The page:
LOS ANGELES -- Nationals outfielder Bryce Harper made his Major League debut on Saturday night, and he was a factor in the game. Unfortunately, the Nationals lost, 4-3, on a 10th-inning home run by Matt Kemp in front of a sellout crowd of 54,242.
It's only April, but it felt like a playoff game in October. The game was tied at 3 when Kemp swung at a 1-2 pitch from left-hander Tom Gorzelanny and homered over the center-field wall for his 11th home run of the season. It was the seventh walk-off home run of his career.
"That [stunk]," Harper said about Kemp's homer. "Seeing him hit a bomb was terrible, but he is a great player, a great hitter. He is hitting like [.442] with 11 jacks and 24 RBIs. Hopefully, he has a good year. All the blessings to him."
Prior to the home run, the Nationals pitched carefully to Kemp, who went a combined 0-for-3 with two strikeouts and a walk against Stephen Strasburg and Tyler Clippard. No such luck with Gorzelanny on the mound.
"He left it out over the plate," manager Davey Johnson said about Gorzelanny. "You have to miss away or come hard in on him. Kemp is obviously in heat. You can't make those mistakes to him. We pitched him good all night. ... We pitched to him like they pitched to us [before the 10th inning]."
It was a game in which Strasburg was dominating. He pitched seven innings, allowed one run on five hits, and struck out nine batters without walking a batter. Strasburg, who is on an innings limit of 160 this season, threw 101 pitches.
"Stras was throwing so good, he could have gone further, but he might be out of innings by the All-Star break if I let him go to what he is capable of going to," Johnson joked. "That's a cloud over me."
Strasburg was given a 1-0 lead in the top of the seventh inning when Adam LaRoche swung at a 3-1 pitch and hit his fourth home run of the season, off Chad Billingsley, a solo shot over the right-field wall.
But Washington couldn't hold onto the lead, as Los Angeles tied the score in the seventh inning. With runners on first and second and one out, A.J. Ellis singled to left field. Harper made a perfect throw to the plate, and it appeared that Jerry Hairston Jr. was going to be out, but catcher Wilson Ramos dropped the ball, and that allowed Hairston to score the tying run.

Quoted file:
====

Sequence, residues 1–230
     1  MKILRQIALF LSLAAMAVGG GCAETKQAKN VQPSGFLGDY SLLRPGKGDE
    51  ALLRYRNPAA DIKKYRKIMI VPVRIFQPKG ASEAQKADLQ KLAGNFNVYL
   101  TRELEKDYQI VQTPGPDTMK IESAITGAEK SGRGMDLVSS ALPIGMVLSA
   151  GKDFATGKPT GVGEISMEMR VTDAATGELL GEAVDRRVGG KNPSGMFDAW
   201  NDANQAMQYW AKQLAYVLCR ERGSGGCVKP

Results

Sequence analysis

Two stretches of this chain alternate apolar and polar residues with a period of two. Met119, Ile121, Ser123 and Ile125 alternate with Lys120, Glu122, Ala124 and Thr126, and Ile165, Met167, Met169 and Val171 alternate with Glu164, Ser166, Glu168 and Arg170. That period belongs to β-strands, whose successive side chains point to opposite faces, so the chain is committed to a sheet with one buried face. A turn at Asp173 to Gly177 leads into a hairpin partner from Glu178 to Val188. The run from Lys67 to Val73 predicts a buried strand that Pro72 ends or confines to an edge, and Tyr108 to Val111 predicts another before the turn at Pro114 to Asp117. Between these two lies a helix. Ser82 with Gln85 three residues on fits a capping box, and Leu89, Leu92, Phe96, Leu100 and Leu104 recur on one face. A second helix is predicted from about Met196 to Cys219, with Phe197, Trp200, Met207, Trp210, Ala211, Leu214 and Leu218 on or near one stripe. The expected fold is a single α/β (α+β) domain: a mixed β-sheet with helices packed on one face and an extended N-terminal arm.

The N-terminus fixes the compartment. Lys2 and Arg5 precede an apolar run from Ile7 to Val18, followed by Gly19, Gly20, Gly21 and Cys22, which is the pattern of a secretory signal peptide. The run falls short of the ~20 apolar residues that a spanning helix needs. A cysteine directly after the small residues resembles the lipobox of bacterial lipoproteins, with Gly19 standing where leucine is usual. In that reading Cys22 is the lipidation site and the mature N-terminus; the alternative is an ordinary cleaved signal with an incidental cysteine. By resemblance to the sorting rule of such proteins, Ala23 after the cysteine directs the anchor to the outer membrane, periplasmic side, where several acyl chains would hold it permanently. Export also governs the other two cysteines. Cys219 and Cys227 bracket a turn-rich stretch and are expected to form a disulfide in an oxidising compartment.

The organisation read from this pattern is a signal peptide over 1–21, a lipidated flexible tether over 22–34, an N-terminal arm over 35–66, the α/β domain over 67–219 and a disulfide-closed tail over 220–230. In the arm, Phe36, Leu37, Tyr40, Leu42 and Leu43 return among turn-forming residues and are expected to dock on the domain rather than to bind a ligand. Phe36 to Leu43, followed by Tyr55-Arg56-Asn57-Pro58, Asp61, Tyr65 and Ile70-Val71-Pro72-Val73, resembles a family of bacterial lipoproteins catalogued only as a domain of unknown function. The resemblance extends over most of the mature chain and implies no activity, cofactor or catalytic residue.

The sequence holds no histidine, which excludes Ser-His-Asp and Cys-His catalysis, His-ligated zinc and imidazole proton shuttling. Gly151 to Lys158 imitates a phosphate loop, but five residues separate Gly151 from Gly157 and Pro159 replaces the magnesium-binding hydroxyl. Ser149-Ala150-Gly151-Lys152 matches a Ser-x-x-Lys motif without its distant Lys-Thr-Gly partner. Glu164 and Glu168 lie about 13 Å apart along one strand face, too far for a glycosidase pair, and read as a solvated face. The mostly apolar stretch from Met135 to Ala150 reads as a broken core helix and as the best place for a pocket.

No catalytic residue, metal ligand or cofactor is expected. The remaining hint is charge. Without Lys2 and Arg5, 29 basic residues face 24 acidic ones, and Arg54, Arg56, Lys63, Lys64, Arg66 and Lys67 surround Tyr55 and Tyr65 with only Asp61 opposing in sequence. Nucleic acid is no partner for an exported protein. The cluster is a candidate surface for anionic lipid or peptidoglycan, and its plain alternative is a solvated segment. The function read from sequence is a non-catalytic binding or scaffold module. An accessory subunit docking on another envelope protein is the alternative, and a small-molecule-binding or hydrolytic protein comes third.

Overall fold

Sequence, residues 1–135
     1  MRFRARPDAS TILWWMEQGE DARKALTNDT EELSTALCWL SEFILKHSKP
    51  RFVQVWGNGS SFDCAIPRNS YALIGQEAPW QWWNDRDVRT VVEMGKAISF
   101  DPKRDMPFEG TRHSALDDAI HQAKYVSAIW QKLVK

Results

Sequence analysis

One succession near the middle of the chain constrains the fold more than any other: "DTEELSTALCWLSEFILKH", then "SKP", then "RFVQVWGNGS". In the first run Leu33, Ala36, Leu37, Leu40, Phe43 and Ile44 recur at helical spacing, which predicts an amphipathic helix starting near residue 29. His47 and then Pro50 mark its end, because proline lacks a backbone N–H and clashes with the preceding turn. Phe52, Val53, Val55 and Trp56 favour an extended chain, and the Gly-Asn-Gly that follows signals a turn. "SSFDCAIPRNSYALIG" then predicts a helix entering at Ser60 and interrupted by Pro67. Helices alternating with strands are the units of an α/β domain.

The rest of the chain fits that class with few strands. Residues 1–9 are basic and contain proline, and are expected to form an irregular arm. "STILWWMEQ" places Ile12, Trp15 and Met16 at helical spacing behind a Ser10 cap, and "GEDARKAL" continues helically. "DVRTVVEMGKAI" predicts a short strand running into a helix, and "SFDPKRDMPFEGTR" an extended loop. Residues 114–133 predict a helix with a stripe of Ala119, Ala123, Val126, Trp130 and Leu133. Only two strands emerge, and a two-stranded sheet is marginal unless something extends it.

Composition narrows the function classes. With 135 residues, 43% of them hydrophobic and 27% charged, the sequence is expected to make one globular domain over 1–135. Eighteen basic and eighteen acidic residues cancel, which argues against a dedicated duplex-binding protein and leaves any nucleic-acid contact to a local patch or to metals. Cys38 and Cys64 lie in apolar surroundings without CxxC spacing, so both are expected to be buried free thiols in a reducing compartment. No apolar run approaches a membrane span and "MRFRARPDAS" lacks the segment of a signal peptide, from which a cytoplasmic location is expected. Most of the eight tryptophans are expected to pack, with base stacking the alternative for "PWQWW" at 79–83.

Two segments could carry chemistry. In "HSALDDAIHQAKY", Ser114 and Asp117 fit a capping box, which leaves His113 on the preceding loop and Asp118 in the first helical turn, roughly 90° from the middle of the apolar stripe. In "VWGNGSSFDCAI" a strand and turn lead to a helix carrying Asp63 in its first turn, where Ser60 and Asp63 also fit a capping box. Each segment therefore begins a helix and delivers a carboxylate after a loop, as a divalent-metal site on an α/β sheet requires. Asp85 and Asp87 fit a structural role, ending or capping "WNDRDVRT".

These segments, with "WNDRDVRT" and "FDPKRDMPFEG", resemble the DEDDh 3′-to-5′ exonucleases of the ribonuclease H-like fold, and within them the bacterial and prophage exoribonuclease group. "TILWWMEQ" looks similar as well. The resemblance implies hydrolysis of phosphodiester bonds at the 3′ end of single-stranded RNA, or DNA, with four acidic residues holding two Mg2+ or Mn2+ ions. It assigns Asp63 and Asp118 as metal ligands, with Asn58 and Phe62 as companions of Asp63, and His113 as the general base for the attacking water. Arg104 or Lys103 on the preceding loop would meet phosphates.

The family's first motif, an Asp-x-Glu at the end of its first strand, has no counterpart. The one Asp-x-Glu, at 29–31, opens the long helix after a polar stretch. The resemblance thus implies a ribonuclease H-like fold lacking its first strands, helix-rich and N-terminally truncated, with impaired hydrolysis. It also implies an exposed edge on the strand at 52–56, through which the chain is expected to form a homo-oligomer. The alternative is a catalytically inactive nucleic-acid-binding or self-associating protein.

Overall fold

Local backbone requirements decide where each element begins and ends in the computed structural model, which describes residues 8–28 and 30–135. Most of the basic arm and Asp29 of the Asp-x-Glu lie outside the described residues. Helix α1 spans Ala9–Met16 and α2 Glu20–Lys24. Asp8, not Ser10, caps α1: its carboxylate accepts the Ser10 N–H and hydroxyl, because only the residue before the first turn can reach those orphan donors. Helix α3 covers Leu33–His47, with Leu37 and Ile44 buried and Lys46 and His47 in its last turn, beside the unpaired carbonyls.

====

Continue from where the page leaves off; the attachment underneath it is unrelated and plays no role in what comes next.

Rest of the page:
The replay showed that Hairston swiped the ball out of Ramos' glove. Manager Davey Johnson argued the call, to no avail.
"[Hairston] smacked the ball. He is out. We couldn't get any help [from the umpires]," Johnson said. "They obviously didn't see it."
Hairston saw the play differently.
"I slide like that all the time," said Hairston. "It's an aggressive slide, and it so happens I hit his glove. It happens."
Washington then scored the go-ahead run in the top of the ninth inning off reliever Javy Guerra. With runners on first and third with one out, Harper hit a sacrifice fly to left fielder Tony Gwynn Jr., scoring Rick Ankiel. It was Harper's first career RBI.
Ramos followed and singled to drive in Danny Espinosa to make it a two-run game.
But the Dodgers rallied and tied the score against closer Henry Rodriguez. With runners on first and third and no outs, Juan Uribe doubled near the left-field line to drive in Mark Ellis.
After A.J. Ellis struck out, Adam Kennedy hit into a fielder's choice, but then Rodriguez threw a wild pitch, scoring Uribe.
Johnson hinted that a three-day layoff hurt Rodriguez. Although Rodriguez was having problems on the mound, Johnson thought Rodriguez would get out of the inning.
"Uribe hit one heck of a curveball," Johnson said. "In a tough situation, [Rodriguez] battled back and got two outs. He was one pitch away from getting us out of it. I was proud of him. ... He battled back."
As for Harper, he went 1-for 3 with the sacrifice fly. He doubled to left-center in his third at-bat for his first big league hit.
"He had an outstanding game. There was nothing I didn't know," Johnson said about Harper. "He had quality at-bats. He made one hell of a throw, running hard."
Harper found himself in a full count in his third time facing Billingsley, and hit a double over Kemp.
"I wish we would have gotten the W, of course." Harper said. "We played a great team today. Billingsley threw a great game. We fought until the end. That's not the way you want to start off your career. I just wish we got a W."
A nice debut for Harper, but a heartbreaking loss for the Nationals.
Bill Ladson is a reporter for MLB.com and writes an MLBlog, All Nats All the time. He also could be found on Twitter @WashingNats. This story was not subject to the approval of Major League Baseball or its clubs.